Have a degree that you regret

Compass - emigrating is tough. These people dared and have no regrets.

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If they hadn't, they would regret it: Simone Bartschmid and David Schenker talk about their adventures in Australia and Norway. And we have received mail from emigrants who have ended up in New Zealand, the Czech Republic or Italy.

Simone Bartschmid dreamed of Australia as a girl

Dream: Everything starts with an Australian documentary that little Simone pulls into. From then on it is clear to her: "I have to go to Australia, that's where I belong!"

At the Finish: In 2007 she moved to Sydney. She works in the administration of a Swiss company with locations all over the world, including Australia. She has achieved her dream goal.

Obstacle: Two years later she loses her job in Sydney. No residence permit without a job. She gives everything to find a new job. But everywhere they say: “Sorry mate, but what you can do, Aussies can do too. If we hire you as a Swiss, it would be too much admin work. " In 2009 she has to leave the country again.

Plan B: Back in Switzerland, the 37-year-old is studying social work. A bachelor's degree increases your chances of getting a job in Australia. She says that people are needed there in social life. After graduation, she wants to go back and work with Aborigines. She still has a long way to go with her studies and that alone does not guarantee her a job. But it is tough: if it has a goal, it wants to achieve it. Even if the way there is not easy.

Tip: «Just do it when you dream about it, otherwise you will regret it. You can always go back! "

David Schenker went to Norway immediately after graduating from high school

Dream: David falls in love with a Norwegian. She lives in Bergen, a city on the northwest coast. During the gym, they have a long-distance relationship. He decides to move in with her after graduation.

At the Finish: After graduating from high school, he packs his clothes and floorball equipment and flies to Norway. He lives with his loved one in an apartment, is taking a Norwegian course and wants to go to university a few months later. He's looking forward to it because that's where he'll meet new people. He cannot build a social network without studying and having a job.

Obstacle: The university tells him that he will have to study Norwegian for at least another year. Otherwise it is not enough for the course. In addition, he cannot find a job with his language skills. Doubts arise: Without a university and without a job, he has no regular daily routine and it is difficult to come into contact with people. This prospect depresses him. He later admits that the whole thing doesn't make him happy. He needs his friends, his family, otherwise he will be unhappy. With a heavy heart he separates from his girlfriend and returns to Switzerland. Today the 23-year-old studies at the University of Basel.

Conclusion: David doesn't regret a bit about his Norway adventure: “I'm glad I tried it. I haven't lost anything. I look back very happy. "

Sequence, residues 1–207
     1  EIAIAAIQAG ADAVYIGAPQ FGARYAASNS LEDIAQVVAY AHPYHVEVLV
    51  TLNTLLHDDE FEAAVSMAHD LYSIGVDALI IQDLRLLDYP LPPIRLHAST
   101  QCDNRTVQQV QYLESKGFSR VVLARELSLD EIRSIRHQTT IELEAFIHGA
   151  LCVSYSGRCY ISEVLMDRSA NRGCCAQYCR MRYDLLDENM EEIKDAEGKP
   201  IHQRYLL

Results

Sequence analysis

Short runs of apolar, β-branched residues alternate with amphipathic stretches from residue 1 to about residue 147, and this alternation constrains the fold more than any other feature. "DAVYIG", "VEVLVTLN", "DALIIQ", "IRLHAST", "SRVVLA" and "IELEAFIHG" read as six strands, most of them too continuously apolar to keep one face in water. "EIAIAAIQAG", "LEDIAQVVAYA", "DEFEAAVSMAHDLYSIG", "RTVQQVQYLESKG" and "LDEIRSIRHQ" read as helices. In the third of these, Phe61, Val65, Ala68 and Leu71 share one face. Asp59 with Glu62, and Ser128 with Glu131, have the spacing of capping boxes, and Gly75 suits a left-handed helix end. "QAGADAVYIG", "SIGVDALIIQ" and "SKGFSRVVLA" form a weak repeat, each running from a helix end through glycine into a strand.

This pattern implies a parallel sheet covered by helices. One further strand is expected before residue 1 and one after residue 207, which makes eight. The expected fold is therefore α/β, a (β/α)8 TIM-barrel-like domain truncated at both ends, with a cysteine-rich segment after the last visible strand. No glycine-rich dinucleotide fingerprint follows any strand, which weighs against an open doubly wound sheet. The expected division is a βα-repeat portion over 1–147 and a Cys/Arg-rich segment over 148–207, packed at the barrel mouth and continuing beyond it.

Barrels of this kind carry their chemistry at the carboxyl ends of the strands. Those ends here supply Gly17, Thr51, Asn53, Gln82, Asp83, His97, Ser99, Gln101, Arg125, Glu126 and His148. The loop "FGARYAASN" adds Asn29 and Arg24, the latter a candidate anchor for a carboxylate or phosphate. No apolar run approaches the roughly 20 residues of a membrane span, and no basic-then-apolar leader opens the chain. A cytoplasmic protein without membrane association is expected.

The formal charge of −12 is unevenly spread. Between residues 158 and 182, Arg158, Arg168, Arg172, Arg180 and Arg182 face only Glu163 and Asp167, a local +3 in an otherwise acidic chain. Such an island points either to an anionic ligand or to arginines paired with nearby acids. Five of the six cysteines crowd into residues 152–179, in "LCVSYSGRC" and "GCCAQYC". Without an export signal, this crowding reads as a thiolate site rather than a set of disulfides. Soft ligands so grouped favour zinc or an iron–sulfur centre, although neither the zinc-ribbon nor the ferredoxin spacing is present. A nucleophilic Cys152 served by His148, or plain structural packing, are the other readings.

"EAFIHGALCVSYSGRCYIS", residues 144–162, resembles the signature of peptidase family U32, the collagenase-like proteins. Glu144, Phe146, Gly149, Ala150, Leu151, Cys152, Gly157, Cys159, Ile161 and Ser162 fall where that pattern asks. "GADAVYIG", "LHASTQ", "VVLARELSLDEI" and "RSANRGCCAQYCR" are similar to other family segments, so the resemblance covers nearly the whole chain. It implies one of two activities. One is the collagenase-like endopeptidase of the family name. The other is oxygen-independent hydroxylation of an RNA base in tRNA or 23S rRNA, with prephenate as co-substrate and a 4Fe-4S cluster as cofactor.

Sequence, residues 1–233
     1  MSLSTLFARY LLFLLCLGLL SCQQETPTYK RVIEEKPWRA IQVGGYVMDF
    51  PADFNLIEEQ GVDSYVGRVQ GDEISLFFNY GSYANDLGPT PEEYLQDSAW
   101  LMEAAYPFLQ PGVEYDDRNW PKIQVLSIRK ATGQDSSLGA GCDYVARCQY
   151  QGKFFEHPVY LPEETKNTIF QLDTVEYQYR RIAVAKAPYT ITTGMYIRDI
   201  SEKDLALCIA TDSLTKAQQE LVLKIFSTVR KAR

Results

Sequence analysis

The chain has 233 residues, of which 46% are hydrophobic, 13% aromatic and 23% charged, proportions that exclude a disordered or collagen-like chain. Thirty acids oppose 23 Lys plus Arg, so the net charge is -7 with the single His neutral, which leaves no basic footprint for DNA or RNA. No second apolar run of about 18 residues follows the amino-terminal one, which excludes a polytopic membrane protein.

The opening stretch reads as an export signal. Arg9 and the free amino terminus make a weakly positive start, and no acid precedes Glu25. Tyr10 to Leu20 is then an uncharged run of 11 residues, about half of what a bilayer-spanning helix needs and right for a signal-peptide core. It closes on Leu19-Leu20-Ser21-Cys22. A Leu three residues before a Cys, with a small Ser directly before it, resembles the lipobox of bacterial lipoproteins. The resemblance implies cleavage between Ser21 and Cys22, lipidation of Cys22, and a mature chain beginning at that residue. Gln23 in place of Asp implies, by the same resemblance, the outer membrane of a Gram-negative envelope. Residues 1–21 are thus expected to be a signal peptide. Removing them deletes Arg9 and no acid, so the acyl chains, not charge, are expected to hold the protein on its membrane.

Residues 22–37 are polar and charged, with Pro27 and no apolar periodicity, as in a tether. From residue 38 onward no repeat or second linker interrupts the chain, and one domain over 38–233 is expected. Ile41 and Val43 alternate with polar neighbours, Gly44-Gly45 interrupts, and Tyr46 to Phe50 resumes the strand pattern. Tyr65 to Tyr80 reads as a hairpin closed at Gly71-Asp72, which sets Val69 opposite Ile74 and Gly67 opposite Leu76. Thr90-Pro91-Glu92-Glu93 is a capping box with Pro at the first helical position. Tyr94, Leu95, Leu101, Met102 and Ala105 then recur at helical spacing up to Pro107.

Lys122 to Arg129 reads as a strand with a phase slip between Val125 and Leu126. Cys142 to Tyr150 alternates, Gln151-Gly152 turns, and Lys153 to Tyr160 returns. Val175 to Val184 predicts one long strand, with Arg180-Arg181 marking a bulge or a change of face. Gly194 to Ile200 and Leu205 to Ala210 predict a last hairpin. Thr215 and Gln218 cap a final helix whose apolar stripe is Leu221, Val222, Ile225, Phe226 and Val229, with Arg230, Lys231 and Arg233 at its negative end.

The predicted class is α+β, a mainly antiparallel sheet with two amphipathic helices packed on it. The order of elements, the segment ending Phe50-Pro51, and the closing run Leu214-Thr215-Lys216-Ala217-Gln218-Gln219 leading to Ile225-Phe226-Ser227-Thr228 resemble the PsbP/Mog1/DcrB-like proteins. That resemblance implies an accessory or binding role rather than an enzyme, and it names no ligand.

We have received mail from emigrants from all over the world ♥

We asked you what your adventures are like. The result is:

We never regretted the step when we, as a very young couple, made the decision in 1967 to emigrate to New Zealand. We both (confectioner & shop daughter) saw no future at home without our own means. We had no idea what to expect here, but after a tough start we went up on steep stairs. At 52 we retired, we live right on the banks of a beautiful lake, where our children and grandchildren go in and out.
Author: Juerg StuckiNew Zealand
Healthy, happy family, two great jobs, great house in the best location: Everything was actually the way you want it to be and yet we emigrated to northern Italy in 2003. Out of the «protected workshop» in Switzerland, into the unknown, new areas of responsibility, independence. Old piles of stones gradually became holiday homes that we rent out to guests. Motto: There are always 1000 reasons not to do something, but also at least one reason to do it! Don't dream it, do it!
Author: Urs and Susan from ArxItalien
10 years ago I packed my bags and emigrated to New Zealand because I lost my heart to a New Zealand farmer. Two great boys and a breakup later, some things have turned out as they dreamed, other things are far from the ideal. Neuseelnad is a great country to raise children ... whether I will still call New Zealand my home when the children are fully fledged, the future will tell ... it will definitely be exciting!
Author: Christine GrafNew Zealand
After our employer closed the gates, we packed our bags in 1997 and moved to the Czech Republic with an uncomfortable feeling. After a lot of work, we created a small company today. We are fine and we are satisfied.
Author: Dagmar and Karel SindlerCzech Republic

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  • Comment from Denise Casagrande (begulide)
    Migrating to another country means personal effort, adjustment, adaptation and independent integration, working for your own livelihood. Otherwise you shouldn't emigrate!
    Agree Agree to the comment Select answers to reply to the comment
  • Commentary by Stefan Müller, Bern
    Yes, in Norway it is extremely difficult to build up a network of relationships as a foreigner. Even if you study or work there. Many Norwegians stay in the same social circle their whole life and look at foreigners (even Swedes and Finns) from above, at least indirectly. And nothing works there without Norwegian, unless you only move in expat communities.
    Agree Agree to the comment Select answers to reply to the comment
  • Commentary by Didier Schmallong, Essaouira Morocco
    I have lived in Morocco for 12 years. Here is my blog to look up http://marokkoauswanderer.blogspot.com/
    Agree Agree to the comment Select answers to reply to the comment

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